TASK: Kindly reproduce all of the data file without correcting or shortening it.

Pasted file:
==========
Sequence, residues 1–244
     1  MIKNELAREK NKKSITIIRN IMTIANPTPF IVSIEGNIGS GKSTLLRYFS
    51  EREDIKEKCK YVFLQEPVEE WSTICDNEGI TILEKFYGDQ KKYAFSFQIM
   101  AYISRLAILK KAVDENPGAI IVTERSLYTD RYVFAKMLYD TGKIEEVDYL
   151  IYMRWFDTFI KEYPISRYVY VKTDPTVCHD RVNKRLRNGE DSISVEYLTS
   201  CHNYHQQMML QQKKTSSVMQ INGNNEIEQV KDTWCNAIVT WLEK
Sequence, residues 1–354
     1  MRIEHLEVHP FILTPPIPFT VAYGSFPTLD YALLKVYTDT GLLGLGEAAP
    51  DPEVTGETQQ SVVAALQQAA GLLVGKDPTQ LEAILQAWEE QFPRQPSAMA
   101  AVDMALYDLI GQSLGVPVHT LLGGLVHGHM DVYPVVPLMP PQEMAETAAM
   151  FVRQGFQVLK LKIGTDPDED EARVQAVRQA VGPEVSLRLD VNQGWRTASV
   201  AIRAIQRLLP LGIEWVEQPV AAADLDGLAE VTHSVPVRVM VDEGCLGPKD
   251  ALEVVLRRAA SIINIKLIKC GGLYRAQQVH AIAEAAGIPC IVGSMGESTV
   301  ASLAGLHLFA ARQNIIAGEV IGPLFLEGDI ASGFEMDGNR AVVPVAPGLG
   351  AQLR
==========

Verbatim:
Sequence, residues 1–244
     1  MIKNELAREK NKKSITIIRN IMTIANPTPF IVSIEGNIGS GKSTLLRYFS
    51  EREDIKEKCK YVFLQEPVEE WSTICDNEGI TILEKFYGDQ KKYAFSFQIM
   101  AYISRLAILK KAVDENPGAI IVTERSLYTD RYVFAKMLYD TGKIEEVDYL
   151  IYMRWFDTFI KEYPISRYVY VKTDPTVCHD RVNKRLRNGE DSISVEYLTS
   201  CHNYHQQMML QQKKTSSVMQ INGNNEIEQV KDTWCNAIVT WLEK
Sequence, residues 1–354
     1  MRIEHLEVHP FILTPPIPFT VAYGSFPTLD YALLKVYTDT GLLGLGEAAP
    51  DPEVTGETQQ SVVAALQQAA GLLVGKDPTQ LEAILQAWEE QFPRQPSAMA
   101  AVDMALYDLI GQSLGVPVHT LLGGLVHGHM DVYPVVPLMP PQEMAETAAM
   151  FVRQGFQVLK LKIGTDPDED EARVQAVRQA VGPEVSLRLD VNQGWRTASV
   201  AIRAIQRLLP LGIEWVEQPV AAADLDGLAE VTHSVPVRVM VDEGCLGPKD
   251  ALEVVLRRAA SIINIKLIKC GGLYRAQQVH AIAEAAGIPC IVGSMGESTV
   301  ASLAGLHLFA ARQNIIAGEV IGPLFLEGDI ASGFEMDGNR AVVPVAPGLG
   351  AQLR